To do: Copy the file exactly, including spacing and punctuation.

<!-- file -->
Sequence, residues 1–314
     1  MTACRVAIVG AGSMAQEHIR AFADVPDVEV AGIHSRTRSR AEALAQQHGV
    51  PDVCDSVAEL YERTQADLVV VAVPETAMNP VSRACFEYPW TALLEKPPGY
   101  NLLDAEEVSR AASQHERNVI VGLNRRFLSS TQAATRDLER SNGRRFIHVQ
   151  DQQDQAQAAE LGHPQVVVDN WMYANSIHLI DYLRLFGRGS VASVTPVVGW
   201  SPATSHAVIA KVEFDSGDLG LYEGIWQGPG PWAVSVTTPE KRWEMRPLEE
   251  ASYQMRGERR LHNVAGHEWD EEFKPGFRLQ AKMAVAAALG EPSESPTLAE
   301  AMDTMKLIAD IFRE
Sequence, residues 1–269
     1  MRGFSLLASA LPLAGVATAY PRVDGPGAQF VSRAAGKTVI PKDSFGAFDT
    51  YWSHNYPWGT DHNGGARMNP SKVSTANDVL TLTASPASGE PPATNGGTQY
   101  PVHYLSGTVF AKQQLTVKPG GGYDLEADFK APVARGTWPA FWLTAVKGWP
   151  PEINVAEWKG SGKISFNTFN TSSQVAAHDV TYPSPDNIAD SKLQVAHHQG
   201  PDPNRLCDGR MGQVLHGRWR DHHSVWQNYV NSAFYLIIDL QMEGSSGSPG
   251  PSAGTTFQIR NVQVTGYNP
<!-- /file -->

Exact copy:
Sequence, residues 1–314
     1  MTACRVAIVG AGSMAQEHIR AFADVPDVEV AGIHSRTRSR AEALAQQHGV
    51  PDVCDSVAEL YERTQADLVV VAVPETAMNP VSRACFEYPW TALLEKPPGY
   101  NLLDAEEVSR AASQHERNVI VGLNRRFLSS TQAATRDLER SNGRRFIHVQ
   151  DQQDQAQAAE LGHPQVVVDN WMYANSIHLI DYLRLFGRGS VASVTPVVGW
   201  SPATSHAVIA KVEFDSGDLG LYEGIWQGPG PWAVSVTTPE KRWEMRPLEE
   251  ASYQMRGERR LHNVAGHEWD EEFKPGFRLQ AKMAVAAALG EPSESPTLAE
   301  AMDTMKLIAD IFRE
Sequence, residues 1–269
     1  MRGFSLLASA LPLAGVATAY PRVDGPGAQF VSRAAGKTVI PKDSFGAFDT
    51  YWSHNYPWGT DHNGGARMNP SKVSTANDVL TLTASPASGE PPATNGGTQY
   101  PVHYLSGTVF AKQQLTVKPG GGYDLEADFK APVARGTWPA FWLTAVKGWP
   151  PEINVAEWKG SGKISFNTFN TSSQVAAHDV TYPSPDNIAD SKLQVAHHQG
   201  PDPNRLCDGR MGQVLHGRWR DHHSVWQNYV NSAFYLIIDL QMEGSSGSPG
   251  PSAGTTFQIR NVQVTGYNP